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With both boost pumps failed, the unusable fuel may be as high as 150 pounds in a longdog, so it is very important to ensure that the caution lights are working. Also, it is equaly important to check the boost-pumps during run-up and to monitor the fuel burn during flight. These may seem like standard procedures, but because the fuel system is so finicky, extra care is required. Having said that, I do agree with beltdrive in that we should reserve the finger pointing untill we know all the facts.

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Hey Guys!

 

beltdrive. I know that your right about these check valves operating poorly from time to time. I'm certain that after the fuel load reaches 240 lbs or less the engine will, in fact, quit due to fuel starvation if the fuel transfer check valves are dirty or sticking. I've had this experience with an L1. Once the check valves were properly cleaned it was fine, but I've heard that these check valves are fairly tempramental.

 

cheers. 412

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I talk to a friend (yes I have friends lol) and he said in his company they replaced them all with the valves from the 205, apperently they r less prone to fail. In my case i was on the ground when i tested it, the engeneer just had cleaned the cell and valves and he wanted me to run it at 200 lbs without the pumps. She caved 20 second after I pulled the boostpumps at 220 lbs.

the 150 lbs is good when ur checkvalves r working. I think u start burning fuel from ur foward tanks at 450 lbs and the forward tanks r dry at 200 lbs. That is when ur valves supposed to be closed. There is a chart about the fuel burn from the forward tanks in ur flight manual.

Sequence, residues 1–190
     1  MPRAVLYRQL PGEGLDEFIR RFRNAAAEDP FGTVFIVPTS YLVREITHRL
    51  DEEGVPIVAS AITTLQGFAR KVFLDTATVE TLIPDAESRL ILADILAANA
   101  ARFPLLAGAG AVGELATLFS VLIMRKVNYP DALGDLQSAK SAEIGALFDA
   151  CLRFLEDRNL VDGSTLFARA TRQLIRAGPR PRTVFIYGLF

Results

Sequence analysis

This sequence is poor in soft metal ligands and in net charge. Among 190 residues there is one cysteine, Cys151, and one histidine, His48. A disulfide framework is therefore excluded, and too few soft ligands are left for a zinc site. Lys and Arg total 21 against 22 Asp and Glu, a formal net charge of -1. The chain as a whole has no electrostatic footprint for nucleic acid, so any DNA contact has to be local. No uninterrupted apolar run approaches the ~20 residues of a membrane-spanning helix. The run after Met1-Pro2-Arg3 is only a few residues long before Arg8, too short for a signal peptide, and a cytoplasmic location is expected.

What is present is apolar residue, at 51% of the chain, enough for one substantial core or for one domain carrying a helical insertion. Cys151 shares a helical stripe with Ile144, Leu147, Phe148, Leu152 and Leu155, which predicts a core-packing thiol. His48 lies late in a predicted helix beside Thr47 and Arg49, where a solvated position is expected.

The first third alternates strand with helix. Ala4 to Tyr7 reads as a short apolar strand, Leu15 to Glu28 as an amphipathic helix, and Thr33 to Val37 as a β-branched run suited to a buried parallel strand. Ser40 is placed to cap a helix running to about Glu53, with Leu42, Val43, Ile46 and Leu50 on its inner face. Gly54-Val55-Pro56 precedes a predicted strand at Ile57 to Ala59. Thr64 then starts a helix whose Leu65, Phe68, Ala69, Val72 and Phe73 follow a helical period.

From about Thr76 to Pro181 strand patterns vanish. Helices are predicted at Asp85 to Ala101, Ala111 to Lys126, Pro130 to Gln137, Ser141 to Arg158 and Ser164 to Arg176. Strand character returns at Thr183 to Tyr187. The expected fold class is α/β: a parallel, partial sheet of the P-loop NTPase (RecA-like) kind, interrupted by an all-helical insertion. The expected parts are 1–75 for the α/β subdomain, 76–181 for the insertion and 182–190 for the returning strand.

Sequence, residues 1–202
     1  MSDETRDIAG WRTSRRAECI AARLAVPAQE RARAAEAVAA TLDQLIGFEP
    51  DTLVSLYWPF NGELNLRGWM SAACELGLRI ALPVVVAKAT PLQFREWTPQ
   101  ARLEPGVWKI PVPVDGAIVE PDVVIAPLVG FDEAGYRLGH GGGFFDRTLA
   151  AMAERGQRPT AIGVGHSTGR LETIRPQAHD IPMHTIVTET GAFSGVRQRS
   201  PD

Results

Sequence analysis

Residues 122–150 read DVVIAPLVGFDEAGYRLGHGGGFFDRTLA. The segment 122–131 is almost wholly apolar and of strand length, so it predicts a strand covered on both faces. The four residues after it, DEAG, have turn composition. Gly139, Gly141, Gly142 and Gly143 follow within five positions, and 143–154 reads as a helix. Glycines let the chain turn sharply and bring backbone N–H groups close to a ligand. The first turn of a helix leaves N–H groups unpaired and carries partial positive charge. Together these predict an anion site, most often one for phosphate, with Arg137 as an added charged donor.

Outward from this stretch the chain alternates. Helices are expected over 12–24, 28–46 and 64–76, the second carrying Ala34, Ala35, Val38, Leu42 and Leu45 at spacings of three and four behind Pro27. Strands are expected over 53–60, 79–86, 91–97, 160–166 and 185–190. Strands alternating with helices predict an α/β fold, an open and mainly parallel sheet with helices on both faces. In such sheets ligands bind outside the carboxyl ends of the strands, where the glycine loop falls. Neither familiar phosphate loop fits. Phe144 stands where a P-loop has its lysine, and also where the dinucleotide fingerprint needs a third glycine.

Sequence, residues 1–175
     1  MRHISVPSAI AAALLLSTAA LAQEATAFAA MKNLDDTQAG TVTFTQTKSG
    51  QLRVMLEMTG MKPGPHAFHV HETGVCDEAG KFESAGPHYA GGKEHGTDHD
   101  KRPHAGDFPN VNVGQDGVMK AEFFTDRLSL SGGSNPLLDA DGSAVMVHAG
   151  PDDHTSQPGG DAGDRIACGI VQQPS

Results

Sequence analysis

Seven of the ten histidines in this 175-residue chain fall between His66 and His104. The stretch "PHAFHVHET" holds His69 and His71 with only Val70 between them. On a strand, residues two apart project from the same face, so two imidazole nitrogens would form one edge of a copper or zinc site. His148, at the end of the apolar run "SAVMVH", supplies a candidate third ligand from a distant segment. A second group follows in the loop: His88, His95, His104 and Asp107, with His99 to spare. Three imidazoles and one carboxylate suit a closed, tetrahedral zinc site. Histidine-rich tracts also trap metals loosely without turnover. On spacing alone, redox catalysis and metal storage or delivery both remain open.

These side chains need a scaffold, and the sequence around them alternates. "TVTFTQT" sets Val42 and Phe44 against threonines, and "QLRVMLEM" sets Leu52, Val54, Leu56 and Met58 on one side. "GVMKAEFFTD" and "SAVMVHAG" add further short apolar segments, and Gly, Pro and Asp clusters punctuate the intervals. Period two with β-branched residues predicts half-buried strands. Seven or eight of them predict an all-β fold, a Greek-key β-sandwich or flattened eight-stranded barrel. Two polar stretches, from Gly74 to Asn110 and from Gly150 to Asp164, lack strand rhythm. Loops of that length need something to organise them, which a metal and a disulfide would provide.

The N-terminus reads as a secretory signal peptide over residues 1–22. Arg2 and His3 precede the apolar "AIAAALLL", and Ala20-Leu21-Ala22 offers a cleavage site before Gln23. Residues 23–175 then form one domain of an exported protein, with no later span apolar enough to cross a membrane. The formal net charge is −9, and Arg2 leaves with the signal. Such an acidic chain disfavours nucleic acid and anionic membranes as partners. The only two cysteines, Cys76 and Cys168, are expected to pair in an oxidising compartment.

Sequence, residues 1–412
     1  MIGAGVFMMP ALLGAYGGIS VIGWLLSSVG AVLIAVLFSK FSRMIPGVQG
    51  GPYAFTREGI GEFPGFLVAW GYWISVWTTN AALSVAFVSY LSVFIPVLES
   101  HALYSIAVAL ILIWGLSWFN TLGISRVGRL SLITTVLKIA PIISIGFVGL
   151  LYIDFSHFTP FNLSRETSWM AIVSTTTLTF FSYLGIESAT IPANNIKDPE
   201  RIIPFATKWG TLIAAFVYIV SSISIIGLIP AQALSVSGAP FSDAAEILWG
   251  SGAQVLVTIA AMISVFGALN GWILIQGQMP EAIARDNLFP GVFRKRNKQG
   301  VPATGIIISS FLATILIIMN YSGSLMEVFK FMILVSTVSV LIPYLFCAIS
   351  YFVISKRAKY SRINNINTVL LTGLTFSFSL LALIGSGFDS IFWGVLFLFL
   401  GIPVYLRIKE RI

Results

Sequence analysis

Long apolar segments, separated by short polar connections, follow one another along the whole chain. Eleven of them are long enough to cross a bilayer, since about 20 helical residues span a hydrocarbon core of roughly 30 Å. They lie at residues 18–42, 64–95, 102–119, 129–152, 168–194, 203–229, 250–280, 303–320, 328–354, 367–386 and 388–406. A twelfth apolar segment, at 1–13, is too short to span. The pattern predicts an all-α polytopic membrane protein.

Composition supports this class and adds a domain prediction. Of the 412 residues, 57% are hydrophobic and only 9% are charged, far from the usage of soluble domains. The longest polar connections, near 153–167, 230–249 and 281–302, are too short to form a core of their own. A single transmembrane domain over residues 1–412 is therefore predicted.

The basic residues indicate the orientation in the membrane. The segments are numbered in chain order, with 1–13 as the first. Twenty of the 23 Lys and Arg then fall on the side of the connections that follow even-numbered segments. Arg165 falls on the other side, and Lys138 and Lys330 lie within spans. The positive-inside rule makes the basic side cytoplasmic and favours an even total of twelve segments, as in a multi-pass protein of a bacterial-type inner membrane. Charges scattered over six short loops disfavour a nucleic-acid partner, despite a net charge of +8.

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If check valves/ejector pumps are not working to transfer the fuel the gauge will still indicate total capacity in older moders and may flame out with 150-170 lbs fuel indicated. BUT the low LIGHT will still come on regardless as the indicator for such in in the aft area. When low light comes on LAND. Thus when flying and indicator reads 200 lbs and low light comes on LAND, do NOT start checking pumps and such till on the ground.

Boost pump pressure runs the ejector/transfer pumps thus in falty pump with no indication or dirty ejector pump you can have a unidentifiable problem until the low light comes on. New models have the ability to select the tank indications and tell exactly where the fuel is.

 

sc

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:huh: het B.D, .....I think you miss the "point"......"Nobody has ever died because of a rumour".... they sure have because of fuel starvation... :stupid:

\

Helilog...u missed the ponit when u started writing here....

Your another one who has nothing to share but to point fingers?? All I wanted is to share the valve thing because i think we should learn from each other not point fingers...I learned it form some one else ...and is`nt this page to learn from each other???? Or u that good u know it all???

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<_< Jeeez B.D. lighten up.....Check the other thread that was started based upon your reaction. Your a bit touchy about this finger pointing thing. That was exactly "not my point" (sorry couldn't resist the pun) :D . It was meant to instill a little thought provoking conversation.

I have spent many, many, years as a C.P. and Ops Manager and had constant battles trying to keep flight crews from running dangerously low fuel to try to "get the job done". I lost two very close friends in a 214 because of a poor pilot decision causing fuel starvation due to a lost boost pump. NO, it is not as you say, "that I feel That I am That good" to be pointing fingers at anyone. You my friend should read carefully the "how low do you go thread".

I am extremely encouraged to read some of those responses, and know there are some very adept, intelligent pilots. But alas....there are also the "hero" or self proclaimed "legend" pilots where as they do stupid things to try t make themselves look better.......Safe Flying

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